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Journal of Interdisciplinary History 33.1 (2002) 139-140

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The Right to Vote:
The Contested History of Democracy in the United States

The Right to Vote: The Contested History of Democracy in the United States. By Alexander Keyssar (New York, Basic Books, 2000) 464 pp. $30.00 cloth $18.00 paper

This valuable study traces the evolution of municipal, state, and national laws, constitutional provisions, and court decisions that determined who could, and could not, vote from the late eighteenth century to the late twentieth century. Because state governments had primary jurisdiction over suffrage qualifications until the mid-twentieth century, much of the book is devoted to detailing instances of, and the reasons for, the imposition or removal of state requirements with regard to property holding, race, gender, citizenship, ethnicity, literacy, residence, registration, and the like. These matters are helpfully summarized in a laboriously constructed sixty-two-page appendix listing each state in the nation.

Keyssar draws from the records of state constitutional conventions, court decisions, legal treatises, and political-science literature, and he deploys several histograms to display what proportion of states at different times had various kinds of restrictions on suffrage rights. These tactics are largely the extent of his interdisciplinary arsenal. He makes no attempt statistically to quantify the rates of voter participation by different socioeconomic, ethnic, and racial groups to test what impact legal restrictions may have had. Such an analysis, he promises, will be the subject of his next book. Even without such an analysis, a central theme of the book is that restrictions on suffrage rights were intentionally class- biased against the poor, who were also frequently non-white, non- native-born, and uneducated, and that these laws prevented hundreds of thousands, if not millions, of lower-class Americans from choosing who governed them.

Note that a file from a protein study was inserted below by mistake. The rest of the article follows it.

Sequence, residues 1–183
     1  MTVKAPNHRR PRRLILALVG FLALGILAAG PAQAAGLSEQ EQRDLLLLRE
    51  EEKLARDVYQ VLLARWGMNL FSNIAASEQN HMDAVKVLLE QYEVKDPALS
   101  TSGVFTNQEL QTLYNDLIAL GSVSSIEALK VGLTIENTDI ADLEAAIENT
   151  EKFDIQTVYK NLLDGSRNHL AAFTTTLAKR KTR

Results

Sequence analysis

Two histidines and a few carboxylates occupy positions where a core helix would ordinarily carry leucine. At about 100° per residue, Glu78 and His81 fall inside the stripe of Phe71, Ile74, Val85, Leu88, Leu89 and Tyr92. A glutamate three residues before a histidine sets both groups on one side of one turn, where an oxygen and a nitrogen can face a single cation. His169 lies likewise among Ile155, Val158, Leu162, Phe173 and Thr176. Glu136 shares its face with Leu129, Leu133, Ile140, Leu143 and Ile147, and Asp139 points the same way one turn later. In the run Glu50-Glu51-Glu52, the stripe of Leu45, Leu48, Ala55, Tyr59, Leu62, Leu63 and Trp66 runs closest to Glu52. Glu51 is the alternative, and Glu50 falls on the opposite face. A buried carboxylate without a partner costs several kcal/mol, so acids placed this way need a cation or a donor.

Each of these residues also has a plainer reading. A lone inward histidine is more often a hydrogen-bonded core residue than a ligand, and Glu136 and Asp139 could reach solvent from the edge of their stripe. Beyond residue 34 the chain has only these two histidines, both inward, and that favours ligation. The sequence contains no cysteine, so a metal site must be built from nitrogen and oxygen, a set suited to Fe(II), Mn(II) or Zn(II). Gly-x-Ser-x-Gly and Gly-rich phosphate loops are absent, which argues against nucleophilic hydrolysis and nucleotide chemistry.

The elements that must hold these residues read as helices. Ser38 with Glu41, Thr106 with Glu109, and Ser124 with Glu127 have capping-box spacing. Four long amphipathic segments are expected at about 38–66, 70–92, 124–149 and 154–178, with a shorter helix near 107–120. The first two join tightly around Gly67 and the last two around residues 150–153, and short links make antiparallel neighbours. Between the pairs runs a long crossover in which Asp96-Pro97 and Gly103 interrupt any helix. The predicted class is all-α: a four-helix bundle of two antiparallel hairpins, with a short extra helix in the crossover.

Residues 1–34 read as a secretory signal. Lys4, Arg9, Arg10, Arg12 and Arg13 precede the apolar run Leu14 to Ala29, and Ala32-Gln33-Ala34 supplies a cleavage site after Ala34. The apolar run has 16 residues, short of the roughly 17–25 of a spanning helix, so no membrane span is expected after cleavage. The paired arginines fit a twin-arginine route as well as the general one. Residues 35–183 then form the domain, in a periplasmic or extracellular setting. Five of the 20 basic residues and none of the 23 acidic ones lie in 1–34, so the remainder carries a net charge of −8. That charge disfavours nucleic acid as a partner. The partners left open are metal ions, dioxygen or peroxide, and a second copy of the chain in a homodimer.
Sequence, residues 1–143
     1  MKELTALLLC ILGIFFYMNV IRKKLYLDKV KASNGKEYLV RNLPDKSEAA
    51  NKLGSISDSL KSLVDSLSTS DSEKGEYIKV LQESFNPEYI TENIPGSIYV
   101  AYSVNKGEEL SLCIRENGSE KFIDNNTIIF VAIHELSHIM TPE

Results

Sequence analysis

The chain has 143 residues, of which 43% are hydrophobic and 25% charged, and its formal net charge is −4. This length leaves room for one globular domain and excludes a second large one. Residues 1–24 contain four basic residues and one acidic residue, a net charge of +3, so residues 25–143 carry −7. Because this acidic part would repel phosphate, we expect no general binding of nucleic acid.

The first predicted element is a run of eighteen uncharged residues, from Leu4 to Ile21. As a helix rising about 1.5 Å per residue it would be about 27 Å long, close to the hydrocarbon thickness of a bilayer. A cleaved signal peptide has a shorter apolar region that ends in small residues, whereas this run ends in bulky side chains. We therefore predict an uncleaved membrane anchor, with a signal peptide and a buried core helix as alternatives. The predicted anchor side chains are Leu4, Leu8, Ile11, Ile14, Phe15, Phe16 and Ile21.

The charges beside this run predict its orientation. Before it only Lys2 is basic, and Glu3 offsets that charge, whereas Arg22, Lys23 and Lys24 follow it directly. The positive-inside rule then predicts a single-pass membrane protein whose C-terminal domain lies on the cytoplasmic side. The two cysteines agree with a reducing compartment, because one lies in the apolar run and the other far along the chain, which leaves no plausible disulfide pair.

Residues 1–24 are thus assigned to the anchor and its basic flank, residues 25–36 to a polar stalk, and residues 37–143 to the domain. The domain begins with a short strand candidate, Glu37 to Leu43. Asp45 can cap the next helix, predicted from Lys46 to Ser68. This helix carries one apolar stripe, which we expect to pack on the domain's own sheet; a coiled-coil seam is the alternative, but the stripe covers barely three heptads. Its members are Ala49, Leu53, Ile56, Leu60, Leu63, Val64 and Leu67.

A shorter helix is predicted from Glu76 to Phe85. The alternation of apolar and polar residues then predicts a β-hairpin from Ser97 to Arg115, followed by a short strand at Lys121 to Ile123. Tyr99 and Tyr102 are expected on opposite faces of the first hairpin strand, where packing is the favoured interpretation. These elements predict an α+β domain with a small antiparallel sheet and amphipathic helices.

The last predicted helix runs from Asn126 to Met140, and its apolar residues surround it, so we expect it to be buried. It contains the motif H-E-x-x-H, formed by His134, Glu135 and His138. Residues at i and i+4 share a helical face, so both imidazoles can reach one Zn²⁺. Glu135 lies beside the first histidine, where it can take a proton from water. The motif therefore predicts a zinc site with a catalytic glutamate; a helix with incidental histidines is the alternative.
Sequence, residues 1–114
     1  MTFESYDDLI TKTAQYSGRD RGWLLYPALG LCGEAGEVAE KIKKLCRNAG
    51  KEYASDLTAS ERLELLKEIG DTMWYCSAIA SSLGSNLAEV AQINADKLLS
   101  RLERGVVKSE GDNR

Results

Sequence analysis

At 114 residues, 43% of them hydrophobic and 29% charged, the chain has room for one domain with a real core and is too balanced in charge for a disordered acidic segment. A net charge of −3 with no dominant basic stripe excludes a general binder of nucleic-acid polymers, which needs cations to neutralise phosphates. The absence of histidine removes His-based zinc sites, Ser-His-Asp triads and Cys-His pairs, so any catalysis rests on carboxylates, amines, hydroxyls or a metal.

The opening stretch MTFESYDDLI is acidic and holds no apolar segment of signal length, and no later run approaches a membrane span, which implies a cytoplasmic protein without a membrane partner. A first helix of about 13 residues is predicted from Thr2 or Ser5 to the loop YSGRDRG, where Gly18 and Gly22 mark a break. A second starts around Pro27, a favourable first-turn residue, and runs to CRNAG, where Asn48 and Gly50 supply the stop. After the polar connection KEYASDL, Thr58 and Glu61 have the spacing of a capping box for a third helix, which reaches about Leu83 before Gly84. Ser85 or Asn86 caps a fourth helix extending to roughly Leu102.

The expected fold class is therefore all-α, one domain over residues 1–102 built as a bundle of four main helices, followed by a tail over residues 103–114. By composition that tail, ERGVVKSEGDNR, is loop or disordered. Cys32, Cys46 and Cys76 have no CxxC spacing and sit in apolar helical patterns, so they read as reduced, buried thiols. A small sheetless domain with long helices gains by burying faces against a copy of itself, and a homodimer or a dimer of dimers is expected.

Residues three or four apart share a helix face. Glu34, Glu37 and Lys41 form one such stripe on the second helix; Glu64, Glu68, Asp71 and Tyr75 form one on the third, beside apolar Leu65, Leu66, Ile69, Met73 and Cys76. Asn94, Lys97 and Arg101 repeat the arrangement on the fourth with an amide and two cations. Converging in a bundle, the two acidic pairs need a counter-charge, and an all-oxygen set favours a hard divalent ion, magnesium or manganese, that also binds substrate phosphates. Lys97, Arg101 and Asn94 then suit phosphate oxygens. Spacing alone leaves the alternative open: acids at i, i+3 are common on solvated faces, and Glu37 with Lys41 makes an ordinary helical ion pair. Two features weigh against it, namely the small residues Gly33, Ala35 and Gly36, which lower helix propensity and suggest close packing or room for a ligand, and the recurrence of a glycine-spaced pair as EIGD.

Positing that "a polity cannot be truly democratic without universal suffrage" (xvi), Keyssar seeks to explain why it took the United States 200 years since the Revolution to attain that standard and why the right to vote was extended in some times and places and restricted in others. Some of what he covers is familiar. Nonetheless, his long chronological perspective yields important insights. One is to reject the "triumphalist" story of an inevitable, straight-line expansion of voting rights over time. Instead, the erratic movement toward full democracy fell into four distinct chronological periods: the elimination of property-holding requirements and resulting expansion of suffrage rights for adult white males between 1790 and 1850; the restriction of voting rights between 1850 and 1920, which rendered the temporary enfranchisement of blacks during Reconstruction an "aberration from prevailing patterns" (79); a period of stasis between 1920 and 1960; and then a vast expansion of suffrage rights during the last four decades of the twentieth century, when the national government took control of voting rights from the states.

Keyssar's long view also indicates that wars were always a major factor in expanding suffrage rights, whereas upper-class fears of a dangerous [End Page 139] urban industrial and, in the South, a black agricultural, proletariat always helped to motivate restrictions on suffrage. This distrust of a growing urban proletariat, he shrewdly argues, explains why the women's suffrage movement stalled after the Civil War and why the absence of a significant industrial working class facilitated elimination of property qualifications for white males in the Jacksonian period and the atypical enfranchisement of women in western states before the adoption of the Nineteenth Amendment.


Michael F. Holt
University of Virginia



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pp. 139-140
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